After spending several hours poring over sites like ancestry.com, Tom and I got tired of looking for my birth mother’s whereabouts. Tom thinks I should travel to southern Indiana to look for my birth mother but I’m on the fence. Again, I fear what I might discover.

Reading about the Baby Scoop Era only reinforces my qualms. The Baby Scoop Era refers to a period between 1945 and 1972, when American adoptions of newborn infants soared to an estimated 4 million infants. Born in the 1960s, I could be a Baby Scoop baby. These women gave birth to babies and surrendered them for adoption, often under pressure from social workers who believed the women would be unfit mothers. In those days, unmarried women were sent out of town by their families to have their babies in secret at maternity homes. The Baby Scoop Era Research Initiative cast a spotlight on these dubious adoption practices that left many birth mother scarred for life. The experts estimate women surrendered as many as two million infants during the 1960s alone. Times have changed. Just 14,000 infants were given up for adoption in 2003, according to estimates from the U.S. Department of Health and Human Services.

The Bombshell: How I Found Out I was Adopted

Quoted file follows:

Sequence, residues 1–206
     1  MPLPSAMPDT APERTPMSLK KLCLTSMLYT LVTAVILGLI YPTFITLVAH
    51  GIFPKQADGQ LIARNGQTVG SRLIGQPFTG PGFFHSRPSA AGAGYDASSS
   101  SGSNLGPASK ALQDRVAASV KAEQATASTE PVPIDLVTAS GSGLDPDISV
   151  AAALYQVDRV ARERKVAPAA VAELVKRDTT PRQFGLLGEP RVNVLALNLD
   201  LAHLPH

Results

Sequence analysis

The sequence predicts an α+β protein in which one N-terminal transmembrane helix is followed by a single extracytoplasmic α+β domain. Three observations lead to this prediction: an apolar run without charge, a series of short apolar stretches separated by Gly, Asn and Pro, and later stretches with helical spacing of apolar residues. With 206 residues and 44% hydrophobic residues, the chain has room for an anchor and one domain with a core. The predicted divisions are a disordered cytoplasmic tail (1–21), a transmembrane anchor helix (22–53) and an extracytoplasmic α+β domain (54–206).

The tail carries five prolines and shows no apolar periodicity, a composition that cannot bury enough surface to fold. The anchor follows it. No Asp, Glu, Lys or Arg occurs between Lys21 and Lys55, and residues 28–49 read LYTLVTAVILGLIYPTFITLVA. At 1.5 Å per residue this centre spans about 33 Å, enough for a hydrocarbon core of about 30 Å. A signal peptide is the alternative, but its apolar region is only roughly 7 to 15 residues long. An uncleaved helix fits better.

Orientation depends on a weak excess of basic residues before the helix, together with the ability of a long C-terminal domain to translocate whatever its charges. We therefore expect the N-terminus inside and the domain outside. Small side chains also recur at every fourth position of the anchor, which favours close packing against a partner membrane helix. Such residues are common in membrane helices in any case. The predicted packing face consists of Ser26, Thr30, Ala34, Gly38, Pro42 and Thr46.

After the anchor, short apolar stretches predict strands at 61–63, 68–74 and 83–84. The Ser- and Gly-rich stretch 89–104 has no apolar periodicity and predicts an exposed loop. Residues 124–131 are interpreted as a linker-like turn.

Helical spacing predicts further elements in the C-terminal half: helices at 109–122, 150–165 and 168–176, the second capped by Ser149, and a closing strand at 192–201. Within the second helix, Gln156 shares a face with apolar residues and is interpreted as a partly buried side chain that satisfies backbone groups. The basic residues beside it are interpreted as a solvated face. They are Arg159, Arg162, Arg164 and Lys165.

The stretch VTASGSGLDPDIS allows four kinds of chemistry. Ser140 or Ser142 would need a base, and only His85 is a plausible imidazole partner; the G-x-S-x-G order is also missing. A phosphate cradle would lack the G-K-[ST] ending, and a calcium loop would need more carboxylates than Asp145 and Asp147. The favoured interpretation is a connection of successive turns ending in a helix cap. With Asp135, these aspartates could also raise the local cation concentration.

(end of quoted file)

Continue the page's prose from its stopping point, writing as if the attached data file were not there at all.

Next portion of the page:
My parents were long gone when I found out, at age 38, that I was adopted.  My sister, Melissa, called and dropped the bombshell. I was stunned, saddened and basically dazed by this revelation. Of course it raised all sorts of questions. Who were my birth parents? Why did my birth mother give me up for adoption? Was she still alive? Were Melissa and I biological sisters? Did I have other brothers and sisters out there somewhere? What’s my ethnic background? What’s in my medical history? Things I had taken for granted about my identity were suddenly up for grabs.  My slender fingers, thin build, Roman nose – I thought I got those features from my father, who was small, thin as a rail with a nose that resembled a beak. Blue eyes, fair skin and curly hair of course came from my mother. “You look just like your mother,” my cousin told me at the lunch that followed Mom’s funeral.